Discipline – Writing a weekly column consistently is not a joke. Think of it like writing 52 compositions every year, for 41 years! Even though I enjoy writing, there are those weeks when I feel like I need a break. Or when there is nothing to write about. The amount of discipline one requires to write a good piece every week for that long calls for celebrations. Daktari was a busy man, was always travelling, was many times called for emergencies, yet, every week, without fail, he delivered a piece. What a man!

Time management – I do not know about the life of surgeons and hospital administrators but I guess it is busier than that of teachers. I think that is why they are paid more. With multiple novels and a weekly column, Daktari was a full-time writer. Yet he gave time and attention to his family. My brother, Pius, is a Rotarian and I know how involving it is, having attended some Rotary meetings with him when in Nairobi. Daktari was not just a Rotarian but a senior one.

Examination room

You must be a great time manager to be able to successfully do all that, and do all well. I do not know about it well, but I am challenged by Daktari to manage my time better so that I can do a lot of things. And do them well.

It is never too serious – One of the things that stood out for me in Daktari’s pieces was his humour. From the operating table to the examination room, he would say a funny word here and a joke there, which not only opened up discussion but also lifted the patients’ spirits.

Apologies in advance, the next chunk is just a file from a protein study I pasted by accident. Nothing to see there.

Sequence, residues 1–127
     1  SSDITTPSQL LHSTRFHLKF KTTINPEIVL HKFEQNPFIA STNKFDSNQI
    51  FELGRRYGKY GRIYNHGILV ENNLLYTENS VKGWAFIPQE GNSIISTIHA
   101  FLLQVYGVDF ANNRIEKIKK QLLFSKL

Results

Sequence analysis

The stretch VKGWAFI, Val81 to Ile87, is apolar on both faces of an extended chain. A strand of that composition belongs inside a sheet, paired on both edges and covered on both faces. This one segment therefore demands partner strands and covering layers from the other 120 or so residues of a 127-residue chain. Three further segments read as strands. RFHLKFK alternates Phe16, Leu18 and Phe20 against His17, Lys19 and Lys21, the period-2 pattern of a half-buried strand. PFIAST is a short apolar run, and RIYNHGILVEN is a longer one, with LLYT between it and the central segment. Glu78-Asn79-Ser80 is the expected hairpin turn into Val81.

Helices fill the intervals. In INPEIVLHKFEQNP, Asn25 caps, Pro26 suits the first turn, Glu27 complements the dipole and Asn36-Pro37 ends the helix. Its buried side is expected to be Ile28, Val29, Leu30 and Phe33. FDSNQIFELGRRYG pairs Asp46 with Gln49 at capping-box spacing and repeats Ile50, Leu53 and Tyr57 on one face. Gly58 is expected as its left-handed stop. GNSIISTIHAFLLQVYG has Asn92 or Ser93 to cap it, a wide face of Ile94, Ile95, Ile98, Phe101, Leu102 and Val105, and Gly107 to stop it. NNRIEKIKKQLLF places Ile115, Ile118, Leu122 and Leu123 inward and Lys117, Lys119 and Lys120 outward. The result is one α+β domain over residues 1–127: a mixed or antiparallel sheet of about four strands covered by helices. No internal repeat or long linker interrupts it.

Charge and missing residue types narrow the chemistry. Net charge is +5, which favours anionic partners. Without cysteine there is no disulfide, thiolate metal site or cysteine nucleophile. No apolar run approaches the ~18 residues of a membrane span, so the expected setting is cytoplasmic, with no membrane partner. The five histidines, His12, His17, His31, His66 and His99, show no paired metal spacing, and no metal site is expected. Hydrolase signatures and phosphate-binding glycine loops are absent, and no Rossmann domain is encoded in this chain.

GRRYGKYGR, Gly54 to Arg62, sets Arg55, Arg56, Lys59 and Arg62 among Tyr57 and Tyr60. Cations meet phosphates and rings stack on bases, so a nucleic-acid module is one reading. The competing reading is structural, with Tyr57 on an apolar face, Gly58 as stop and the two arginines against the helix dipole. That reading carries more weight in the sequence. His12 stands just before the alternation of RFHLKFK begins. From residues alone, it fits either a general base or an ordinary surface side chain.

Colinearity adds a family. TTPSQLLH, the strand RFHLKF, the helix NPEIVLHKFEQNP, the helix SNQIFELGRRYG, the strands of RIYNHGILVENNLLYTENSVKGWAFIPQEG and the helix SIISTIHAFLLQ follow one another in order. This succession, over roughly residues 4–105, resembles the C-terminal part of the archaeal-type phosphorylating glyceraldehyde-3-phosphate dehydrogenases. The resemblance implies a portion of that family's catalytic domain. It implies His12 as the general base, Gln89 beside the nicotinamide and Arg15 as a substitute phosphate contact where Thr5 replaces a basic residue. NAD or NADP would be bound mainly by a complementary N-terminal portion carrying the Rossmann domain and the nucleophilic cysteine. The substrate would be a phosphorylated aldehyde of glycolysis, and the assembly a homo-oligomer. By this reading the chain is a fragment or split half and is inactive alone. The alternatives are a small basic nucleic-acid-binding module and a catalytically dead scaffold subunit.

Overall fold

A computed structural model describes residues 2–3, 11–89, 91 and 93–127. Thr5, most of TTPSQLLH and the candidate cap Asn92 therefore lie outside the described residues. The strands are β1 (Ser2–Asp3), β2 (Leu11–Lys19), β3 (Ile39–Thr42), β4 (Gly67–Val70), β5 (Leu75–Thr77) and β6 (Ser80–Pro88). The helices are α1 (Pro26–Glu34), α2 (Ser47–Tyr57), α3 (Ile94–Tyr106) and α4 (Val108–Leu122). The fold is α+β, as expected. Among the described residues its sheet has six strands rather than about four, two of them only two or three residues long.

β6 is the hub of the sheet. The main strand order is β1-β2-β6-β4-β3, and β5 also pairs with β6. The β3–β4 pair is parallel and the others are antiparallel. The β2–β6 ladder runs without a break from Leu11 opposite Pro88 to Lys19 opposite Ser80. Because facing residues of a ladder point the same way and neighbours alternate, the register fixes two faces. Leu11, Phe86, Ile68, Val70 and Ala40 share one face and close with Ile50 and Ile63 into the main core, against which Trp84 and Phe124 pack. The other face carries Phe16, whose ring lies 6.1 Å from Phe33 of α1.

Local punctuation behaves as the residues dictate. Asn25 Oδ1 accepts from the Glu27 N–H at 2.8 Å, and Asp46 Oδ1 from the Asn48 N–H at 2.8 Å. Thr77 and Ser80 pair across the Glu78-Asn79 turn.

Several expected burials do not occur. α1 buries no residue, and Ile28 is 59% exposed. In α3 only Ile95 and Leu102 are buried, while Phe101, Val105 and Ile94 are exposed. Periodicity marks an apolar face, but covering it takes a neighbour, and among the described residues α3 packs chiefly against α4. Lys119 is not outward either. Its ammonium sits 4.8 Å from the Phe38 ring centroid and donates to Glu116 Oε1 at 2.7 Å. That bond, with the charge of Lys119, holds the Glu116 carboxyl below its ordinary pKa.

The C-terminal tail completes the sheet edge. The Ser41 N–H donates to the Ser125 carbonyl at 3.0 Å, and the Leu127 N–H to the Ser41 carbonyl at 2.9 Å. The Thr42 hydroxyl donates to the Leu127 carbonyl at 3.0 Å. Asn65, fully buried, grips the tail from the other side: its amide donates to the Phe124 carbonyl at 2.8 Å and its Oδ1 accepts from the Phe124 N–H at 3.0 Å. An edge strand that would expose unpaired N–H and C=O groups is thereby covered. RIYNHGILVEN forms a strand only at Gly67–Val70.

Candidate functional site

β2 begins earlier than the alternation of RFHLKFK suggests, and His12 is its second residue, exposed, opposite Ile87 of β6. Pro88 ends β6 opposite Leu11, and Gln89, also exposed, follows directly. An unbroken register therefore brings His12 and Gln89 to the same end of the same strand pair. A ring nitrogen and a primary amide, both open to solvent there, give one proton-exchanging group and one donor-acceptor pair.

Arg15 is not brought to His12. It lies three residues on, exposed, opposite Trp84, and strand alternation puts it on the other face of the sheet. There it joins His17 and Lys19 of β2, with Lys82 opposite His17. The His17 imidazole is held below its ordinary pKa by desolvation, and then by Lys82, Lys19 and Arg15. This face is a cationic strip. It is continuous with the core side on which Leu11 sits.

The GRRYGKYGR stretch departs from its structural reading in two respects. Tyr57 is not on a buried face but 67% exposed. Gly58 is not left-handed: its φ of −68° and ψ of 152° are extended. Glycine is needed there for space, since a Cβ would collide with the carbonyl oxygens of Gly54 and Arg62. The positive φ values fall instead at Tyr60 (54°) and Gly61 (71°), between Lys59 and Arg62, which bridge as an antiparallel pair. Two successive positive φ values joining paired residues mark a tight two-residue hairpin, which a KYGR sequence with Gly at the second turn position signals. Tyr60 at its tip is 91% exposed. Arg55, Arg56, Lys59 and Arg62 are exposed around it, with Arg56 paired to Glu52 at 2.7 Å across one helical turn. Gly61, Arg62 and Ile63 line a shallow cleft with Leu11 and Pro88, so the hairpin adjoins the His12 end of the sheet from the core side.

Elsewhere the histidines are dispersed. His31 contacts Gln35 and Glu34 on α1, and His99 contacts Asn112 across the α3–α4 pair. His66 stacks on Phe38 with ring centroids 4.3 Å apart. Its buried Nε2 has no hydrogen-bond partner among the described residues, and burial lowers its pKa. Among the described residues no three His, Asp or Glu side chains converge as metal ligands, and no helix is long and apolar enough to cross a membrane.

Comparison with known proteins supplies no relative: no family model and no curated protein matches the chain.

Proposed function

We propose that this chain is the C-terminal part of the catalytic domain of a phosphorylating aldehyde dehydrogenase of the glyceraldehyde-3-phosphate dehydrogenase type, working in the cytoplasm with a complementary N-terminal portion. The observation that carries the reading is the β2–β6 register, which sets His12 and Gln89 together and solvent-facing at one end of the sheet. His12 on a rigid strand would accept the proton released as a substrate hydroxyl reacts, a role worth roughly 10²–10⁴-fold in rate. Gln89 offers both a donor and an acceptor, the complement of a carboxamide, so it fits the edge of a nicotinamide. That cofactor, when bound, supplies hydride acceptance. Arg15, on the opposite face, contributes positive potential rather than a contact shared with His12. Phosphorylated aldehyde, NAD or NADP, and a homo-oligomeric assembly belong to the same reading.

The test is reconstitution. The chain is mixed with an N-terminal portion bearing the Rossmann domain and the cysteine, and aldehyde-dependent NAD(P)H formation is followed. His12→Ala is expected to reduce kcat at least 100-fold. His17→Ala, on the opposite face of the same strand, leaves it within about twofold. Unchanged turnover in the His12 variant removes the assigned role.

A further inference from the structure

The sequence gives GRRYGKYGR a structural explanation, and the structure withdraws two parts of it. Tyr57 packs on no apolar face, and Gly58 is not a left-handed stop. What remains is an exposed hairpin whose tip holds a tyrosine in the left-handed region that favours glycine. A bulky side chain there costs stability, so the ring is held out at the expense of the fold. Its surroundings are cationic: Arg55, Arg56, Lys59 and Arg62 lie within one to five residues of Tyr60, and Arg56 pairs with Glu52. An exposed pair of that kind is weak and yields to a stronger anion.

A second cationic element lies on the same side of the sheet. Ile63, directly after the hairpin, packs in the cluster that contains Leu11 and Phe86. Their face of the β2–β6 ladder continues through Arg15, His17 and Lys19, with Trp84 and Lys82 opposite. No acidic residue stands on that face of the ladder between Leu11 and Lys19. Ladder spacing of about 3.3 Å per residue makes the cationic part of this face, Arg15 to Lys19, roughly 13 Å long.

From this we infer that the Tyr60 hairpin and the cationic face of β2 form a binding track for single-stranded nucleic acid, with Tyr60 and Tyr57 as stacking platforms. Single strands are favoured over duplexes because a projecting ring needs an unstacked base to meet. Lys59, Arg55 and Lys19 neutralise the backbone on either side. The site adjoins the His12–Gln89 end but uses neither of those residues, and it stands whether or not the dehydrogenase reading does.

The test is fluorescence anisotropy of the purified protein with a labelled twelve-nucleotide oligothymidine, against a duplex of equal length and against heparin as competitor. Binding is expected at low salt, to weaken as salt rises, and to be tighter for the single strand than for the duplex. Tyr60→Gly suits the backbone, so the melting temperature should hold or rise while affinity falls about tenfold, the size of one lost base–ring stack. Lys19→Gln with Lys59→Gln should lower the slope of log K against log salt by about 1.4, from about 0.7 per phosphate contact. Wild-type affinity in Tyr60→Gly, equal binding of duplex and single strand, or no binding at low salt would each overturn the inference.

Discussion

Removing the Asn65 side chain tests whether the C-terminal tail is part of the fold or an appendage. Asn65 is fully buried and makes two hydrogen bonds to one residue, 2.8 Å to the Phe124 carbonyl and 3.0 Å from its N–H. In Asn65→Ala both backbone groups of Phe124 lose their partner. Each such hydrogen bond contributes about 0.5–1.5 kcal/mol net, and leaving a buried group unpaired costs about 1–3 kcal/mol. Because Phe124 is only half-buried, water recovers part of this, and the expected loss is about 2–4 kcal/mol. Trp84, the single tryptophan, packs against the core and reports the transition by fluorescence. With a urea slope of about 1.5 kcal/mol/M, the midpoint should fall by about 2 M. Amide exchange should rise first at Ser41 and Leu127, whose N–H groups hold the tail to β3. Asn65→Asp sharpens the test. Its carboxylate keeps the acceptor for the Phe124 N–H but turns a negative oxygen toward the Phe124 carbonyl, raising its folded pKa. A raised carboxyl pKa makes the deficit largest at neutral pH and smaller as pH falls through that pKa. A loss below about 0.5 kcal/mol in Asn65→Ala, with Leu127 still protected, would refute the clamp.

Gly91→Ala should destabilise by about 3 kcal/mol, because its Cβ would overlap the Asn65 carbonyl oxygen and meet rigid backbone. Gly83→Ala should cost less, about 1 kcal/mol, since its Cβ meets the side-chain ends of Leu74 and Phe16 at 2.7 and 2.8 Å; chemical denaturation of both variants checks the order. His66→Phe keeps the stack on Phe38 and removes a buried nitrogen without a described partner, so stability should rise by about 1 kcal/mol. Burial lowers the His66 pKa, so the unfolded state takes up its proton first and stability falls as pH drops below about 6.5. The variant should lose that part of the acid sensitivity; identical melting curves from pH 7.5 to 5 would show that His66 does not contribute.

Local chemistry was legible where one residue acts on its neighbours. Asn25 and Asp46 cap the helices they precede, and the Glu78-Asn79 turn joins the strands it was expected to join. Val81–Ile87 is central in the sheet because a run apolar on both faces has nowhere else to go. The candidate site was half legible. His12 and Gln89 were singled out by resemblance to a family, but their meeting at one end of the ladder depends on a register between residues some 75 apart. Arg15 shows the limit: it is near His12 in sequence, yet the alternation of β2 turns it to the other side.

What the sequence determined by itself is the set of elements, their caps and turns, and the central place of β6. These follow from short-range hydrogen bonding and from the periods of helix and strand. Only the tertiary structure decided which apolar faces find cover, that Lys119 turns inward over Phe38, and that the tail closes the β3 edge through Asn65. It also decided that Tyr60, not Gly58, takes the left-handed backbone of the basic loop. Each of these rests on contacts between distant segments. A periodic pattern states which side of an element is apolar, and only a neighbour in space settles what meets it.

I don’t know what you do in life, but I am sure a little humour will go a long way. But this depends on your colleagues. When you are unlucky to have people like Kuya, Lena, Alex and Madam Ruth as your colleagues, there is no time for jokes, otherwise they will take advantage of you. Luckily, many of you do not have such evil colleagues. So, why are you not laughing at work? No, do not take life too seriously!

For those asking, I do not have the funeral arrangements, I do not know where daily meetings are being held, nor do I know when the ‘cortege’ will leave the mortuary. I don’t know who is receiving funeral contributions but nothing stops you from sending me – his neighbour – your contributions. I promise I will deliver to the family what will remain after a visit to Hitler’s!

What I know for sure is that you can spare some time and think about this great man, the legacy he left, the life he lived and what practical lessons you can learn from him; and what you can apply in your life.

Go well, my great neighbour. Till we meet!